Beluga Habitat Sustainability Plan Encouraging Step Forward

Entangled Whale (Photo credit: Parks Canada / L. Levesque)
Entangled Whale (Photo credit: Parks Canada / L. Levesque)
Entangled Whale (Photo credit: Parks Canada / L. Levesque)
Entangled Whale (Photo credit: Parks Canada / L. Levesque)

WINNIPEG – WWF hails Manitoba’s first provincial Beluga Habitat Sustainability Plan, to be released today, as an encouraging step to protecting vital beluga habitat in Canada.

In response to the habitat sustainability plan, David Miller, president and CEO of WWF-Canada said: “WWF-Canada welcomes this plan and the opportunity it presents to protect habitat for the largest population of belugas in the world. It shows promising first steps from the province of Manitoba and highlights the role the federal government can play to provide more protections for belugas in Western Hudson Bay. We look forward to working with the federal government toward including the Hudson Bay as part of its recently made commitment to protect 10 per cent of marine and coastal areas by 2020.”

Paul Crowley, vice-president of Arctic conservation at WWF-Canada said: “Protecting marine habitats will not just benefit the health of the fragile ecosystem and species, but also Inuit and northern communities. The belugas that spend their summers in Manitoba are a vital part of northern culture in Nunavut and Nunavik. WWF-Canada agrees with the comprehensive recommendations of the plan and is keen to work collaboratively with partners to ensure the protection of this critical marine habitat.”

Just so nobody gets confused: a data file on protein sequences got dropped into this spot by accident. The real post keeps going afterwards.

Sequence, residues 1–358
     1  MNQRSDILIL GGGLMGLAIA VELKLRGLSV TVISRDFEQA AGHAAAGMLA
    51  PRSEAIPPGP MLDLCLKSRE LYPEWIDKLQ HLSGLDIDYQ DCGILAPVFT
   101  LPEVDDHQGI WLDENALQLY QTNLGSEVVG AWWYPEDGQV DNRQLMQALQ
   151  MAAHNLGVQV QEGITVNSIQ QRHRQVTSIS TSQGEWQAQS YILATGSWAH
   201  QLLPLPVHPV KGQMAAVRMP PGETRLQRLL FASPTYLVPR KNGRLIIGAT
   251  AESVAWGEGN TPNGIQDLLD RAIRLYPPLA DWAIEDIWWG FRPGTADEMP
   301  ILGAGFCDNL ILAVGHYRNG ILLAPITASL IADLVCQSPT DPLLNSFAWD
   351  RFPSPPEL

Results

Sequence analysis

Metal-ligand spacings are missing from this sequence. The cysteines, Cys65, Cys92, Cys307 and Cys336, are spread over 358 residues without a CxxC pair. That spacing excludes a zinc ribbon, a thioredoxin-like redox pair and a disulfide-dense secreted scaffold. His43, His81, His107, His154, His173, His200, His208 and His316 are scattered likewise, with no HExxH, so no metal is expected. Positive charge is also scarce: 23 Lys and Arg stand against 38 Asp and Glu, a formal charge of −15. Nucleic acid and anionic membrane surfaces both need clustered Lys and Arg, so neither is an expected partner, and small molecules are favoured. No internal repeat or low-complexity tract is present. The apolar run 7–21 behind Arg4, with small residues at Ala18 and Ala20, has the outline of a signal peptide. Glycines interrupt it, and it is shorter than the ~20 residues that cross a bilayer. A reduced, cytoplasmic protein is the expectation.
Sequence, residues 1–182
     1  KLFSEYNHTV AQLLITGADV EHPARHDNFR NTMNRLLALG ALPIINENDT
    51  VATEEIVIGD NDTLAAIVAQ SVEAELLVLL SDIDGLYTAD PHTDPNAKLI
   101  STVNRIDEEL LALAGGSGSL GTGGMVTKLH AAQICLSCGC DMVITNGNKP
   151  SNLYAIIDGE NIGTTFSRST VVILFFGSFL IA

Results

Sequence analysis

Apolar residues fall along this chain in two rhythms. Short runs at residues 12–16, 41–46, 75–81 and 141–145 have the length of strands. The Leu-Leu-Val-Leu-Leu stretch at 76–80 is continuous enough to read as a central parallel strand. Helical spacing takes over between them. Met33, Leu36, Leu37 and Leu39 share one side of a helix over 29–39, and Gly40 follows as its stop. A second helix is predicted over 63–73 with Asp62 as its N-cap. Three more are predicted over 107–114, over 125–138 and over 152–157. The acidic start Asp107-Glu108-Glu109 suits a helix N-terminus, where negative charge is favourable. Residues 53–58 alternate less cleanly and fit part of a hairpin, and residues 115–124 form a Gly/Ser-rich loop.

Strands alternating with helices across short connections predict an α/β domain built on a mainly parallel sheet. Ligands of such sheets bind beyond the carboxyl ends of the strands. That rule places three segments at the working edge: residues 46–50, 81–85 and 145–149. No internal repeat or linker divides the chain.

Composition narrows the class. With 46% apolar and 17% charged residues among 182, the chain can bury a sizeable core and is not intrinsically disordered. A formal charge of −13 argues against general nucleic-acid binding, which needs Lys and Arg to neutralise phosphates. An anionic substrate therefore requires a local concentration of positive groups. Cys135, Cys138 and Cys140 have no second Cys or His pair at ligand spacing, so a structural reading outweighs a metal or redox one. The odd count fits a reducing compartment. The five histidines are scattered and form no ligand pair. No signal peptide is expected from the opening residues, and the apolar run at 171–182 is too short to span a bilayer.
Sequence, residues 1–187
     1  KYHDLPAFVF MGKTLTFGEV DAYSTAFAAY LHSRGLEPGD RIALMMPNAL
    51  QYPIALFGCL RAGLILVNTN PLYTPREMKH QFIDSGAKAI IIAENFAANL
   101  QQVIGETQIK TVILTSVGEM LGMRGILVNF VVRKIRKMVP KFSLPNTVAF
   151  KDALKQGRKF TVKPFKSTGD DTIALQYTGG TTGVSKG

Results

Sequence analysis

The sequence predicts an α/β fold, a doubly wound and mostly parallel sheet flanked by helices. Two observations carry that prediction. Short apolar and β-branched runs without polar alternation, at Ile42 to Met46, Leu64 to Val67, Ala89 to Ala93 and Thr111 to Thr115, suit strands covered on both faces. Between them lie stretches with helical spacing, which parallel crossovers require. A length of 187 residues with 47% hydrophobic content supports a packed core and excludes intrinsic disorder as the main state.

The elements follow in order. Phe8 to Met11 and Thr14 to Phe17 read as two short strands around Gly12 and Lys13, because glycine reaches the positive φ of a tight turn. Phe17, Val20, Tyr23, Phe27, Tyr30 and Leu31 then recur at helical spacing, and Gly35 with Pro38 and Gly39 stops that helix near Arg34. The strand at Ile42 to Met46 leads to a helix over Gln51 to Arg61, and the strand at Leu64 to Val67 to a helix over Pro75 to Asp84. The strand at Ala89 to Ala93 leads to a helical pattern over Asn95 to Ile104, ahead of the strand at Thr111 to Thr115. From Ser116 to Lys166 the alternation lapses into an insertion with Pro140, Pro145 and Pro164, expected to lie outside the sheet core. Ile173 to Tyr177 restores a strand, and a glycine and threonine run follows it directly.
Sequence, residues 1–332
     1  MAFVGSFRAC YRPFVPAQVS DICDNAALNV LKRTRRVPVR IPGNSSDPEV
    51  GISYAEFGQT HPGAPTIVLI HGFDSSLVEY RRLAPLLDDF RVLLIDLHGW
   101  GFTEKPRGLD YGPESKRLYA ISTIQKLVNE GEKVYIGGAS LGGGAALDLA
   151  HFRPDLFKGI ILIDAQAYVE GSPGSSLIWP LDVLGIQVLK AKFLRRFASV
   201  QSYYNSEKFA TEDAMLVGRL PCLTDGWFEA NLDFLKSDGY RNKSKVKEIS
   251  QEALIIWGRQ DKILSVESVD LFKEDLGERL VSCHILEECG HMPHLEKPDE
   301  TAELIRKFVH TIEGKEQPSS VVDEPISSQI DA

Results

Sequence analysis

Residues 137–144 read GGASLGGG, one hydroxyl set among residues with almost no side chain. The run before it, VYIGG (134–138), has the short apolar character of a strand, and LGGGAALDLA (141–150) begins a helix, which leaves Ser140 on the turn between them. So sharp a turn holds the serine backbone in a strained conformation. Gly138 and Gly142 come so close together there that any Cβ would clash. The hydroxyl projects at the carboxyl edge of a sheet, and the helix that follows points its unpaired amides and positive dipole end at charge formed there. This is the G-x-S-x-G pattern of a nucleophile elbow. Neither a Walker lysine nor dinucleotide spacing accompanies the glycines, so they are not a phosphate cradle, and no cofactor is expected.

Nearly 50 per cent of Canadian belugas summer on the shores of Manitoba in Western Hudson Bay to feed, give birth and nurse their young. There are no protections currently in place for the summer or winter grounds for these belugas. As a result, the population status is listed as being of “special concern” by the Committee on the Status of Endangered Wildlife in Canada, which means it’s at risk to become threatened or endangered because of a combination of biological characteristics and identified threats.

Belugas currently face impacts from shipping noise, physical habitat disturbances like hydro-electric development, pollution and contaminants from spills, and climate change.

WWF works to identify critical beluga habitat in the Arctic and for endangered St. Lawrence River populations to ensure they are well protected.

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